Additional information required – tick yes if the boxes apply to you and no if they don’t. Where they do apply, please complete the relevant sections stated.
Are you asking for permission to make this application, where that is required?
In relation to making a C100 court application, you would not need to ask the family court for permission if you have parental responsibility, where the child is of the family or if the child has lived with you for three or more years.
If you are a grandparent, and the child/children in question have lived with you for three out of the last five years, you can request a guardianship.
Is an urgent hearing or without notice hearing required?
An urgent hearing or a hearing without notice is only needed if the court needs to act quickly as a child is at immediate risk of harm or where the other party is likely to cause harm to the child. In this case, you would need to demonstrate to the court in this C100 court form the immediate risk to the child.
Are there previous or ongoing proceedings for the child(ren)?
Where there are other or previous applications/proceedings for the child/children, you would need to notify the court of this. You will need to tick yes and provide details in section 7.
Are you applying for an order to formalise an agreement (consent order)?
This is only applicable if you and the other party have agreed either between yourselves, through family mediation or via solicitors (not in court) and would like to formalise the agreement.
Is this a case with an international element or factors affecting litigation capacity?
If one of the parents or child/children lives abroad or is involved in moving abroad, please tick yes and complete sections 8 and 9. Do not tick this section if the issue is about taking children on holiday.
Will the child or any of the people involved need to use spoken or written Welsh during the course of the proceedings?
Please tick yes if this is the case and complete section 10.
Page 2, section 1 The Child(ren)
Summary of children’s details – In this section, you must provide information on any children that the court would be asked to make an order about, starting with the eldest child first. Be as specific as possible, listing each child’s names and dates of birth. The orders you are applying for should have been included on page 1. It is possible that you could ask for different orders for different children. Note each child’s relationship with both parents, even if this is the same for all of them.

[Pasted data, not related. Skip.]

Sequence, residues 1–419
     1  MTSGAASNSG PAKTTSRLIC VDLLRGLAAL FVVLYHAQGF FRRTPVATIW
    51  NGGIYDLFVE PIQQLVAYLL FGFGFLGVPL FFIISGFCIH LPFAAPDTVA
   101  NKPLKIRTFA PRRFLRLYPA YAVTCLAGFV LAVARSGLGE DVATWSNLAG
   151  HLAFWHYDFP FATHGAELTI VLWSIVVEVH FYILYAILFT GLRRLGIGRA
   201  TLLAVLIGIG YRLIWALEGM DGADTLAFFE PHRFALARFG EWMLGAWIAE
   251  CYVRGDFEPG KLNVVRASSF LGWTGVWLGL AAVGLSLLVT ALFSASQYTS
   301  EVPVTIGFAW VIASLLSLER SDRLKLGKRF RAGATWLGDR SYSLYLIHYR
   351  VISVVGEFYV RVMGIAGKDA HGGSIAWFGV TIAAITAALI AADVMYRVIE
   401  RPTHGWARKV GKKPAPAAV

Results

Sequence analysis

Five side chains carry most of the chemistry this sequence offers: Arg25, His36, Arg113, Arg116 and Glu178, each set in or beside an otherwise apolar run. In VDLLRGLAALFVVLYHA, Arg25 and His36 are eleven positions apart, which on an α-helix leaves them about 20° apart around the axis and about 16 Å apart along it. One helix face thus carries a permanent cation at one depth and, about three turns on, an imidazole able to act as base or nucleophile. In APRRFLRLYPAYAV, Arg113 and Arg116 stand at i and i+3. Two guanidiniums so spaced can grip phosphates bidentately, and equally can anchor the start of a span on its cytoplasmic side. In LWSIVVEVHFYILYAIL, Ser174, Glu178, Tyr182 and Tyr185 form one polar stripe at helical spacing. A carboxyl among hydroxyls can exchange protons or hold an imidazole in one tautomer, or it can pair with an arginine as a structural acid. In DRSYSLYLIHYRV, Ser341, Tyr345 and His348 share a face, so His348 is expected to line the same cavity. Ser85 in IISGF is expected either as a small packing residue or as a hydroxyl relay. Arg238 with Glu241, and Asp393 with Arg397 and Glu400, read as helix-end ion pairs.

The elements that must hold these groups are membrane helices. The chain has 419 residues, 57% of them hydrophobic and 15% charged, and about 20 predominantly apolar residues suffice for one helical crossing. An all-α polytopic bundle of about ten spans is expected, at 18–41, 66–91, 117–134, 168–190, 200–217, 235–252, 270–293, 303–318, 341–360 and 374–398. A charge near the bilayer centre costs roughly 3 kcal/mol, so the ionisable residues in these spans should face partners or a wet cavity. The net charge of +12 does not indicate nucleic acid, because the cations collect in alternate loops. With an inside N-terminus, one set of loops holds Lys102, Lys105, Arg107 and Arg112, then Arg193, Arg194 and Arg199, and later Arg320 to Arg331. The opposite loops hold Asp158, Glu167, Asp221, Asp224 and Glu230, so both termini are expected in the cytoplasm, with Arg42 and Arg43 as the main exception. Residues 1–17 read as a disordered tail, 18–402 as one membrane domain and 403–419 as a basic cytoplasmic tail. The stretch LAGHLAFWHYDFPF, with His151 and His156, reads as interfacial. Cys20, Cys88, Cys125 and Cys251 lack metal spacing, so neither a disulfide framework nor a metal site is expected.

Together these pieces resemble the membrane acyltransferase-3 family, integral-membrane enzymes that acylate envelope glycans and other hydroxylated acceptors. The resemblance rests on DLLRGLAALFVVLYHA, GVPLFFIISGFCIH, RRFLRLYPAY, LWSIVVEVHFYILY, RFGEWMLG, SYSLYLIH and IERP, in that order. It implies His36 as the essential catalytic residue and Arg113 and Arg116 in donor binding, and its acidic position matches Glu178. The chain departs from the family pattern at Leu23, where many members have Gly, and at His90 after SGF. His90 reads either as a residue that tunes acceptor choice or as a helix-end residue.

Children’s details continued on page 3
Page 3, section 1a Are any of the children known to the local authority children’s services?
Please tick the relevant box. Where you are unsure, please tick don’t know. If yes, please include the relevant details of the child and the name of the local authority and social worker.
Page 3, section 1b Are any of the children the subject of a Child Protection Plan?
Please tick the relevant box. Where you are unsure, please tick don’t know. A child protection plan is usually put in place to protect the children, and you would have been notified of it.
Page 3, section 1c Do all the children have the same parents?
Please tick the relevant box. Also include the extra information stated.
The next question asks about parental responsibility. Please include everyone who has parental responsibility for each child and how they have parental responsibility; an example is provided under the question.
Page 3, section 1d Who do the children currently live with?
Please tick the relevant box. The options are the applicant (which is yourself), the respondent or someone else.
This question asks you to provide addresses for the children. Please note that these addresses will be seen by all parties involved in the case. If you do not want the other parties to have a view of these addresses, please leave the box empty and complete Form C8.
Section 2, page 4 Requirement to attend a Mediation, Information and Assessment Meeting (MIAM)
It is now mandatory in most instances for parties to attend a Mediation Information Assessment Meeting before making an application to the court.
Complete 2a – 2d by ticking the relevant question to your case. Where it is not relevant, please tick no. Where you have ticked yes, you will need to complete the relevant sections stated.
Section 3, page 5 Applicant claims exemption(s) from attendance at a Mediation, Information and Assessment Meeting (MIAM)
Please only tick this part of the form if you have not attended a MIAM due to one of the exemptions.
Section 3a page 5,6 & 7 Domestic Violence Evidence
You will need to complete this section if you are stating an exemption from a MIAM due to domestic abuse.
You will need to confirm the evidence you can provide to support the exemption. If the other party has been arrested and charged, you will be able to get evidence from the police. You can tick as many of these boxes as applicable.
You will need evidence that you have been a victim of domestic abuse; they will not accept your word for it.
If you cannot provide evidence, you may wish to attend a MIAM first and notify the family mediator as you will not need to evidence domestic abuse to them. They will be able to sign the MIAM certificate for you.
Section 3b Child Protection Concerns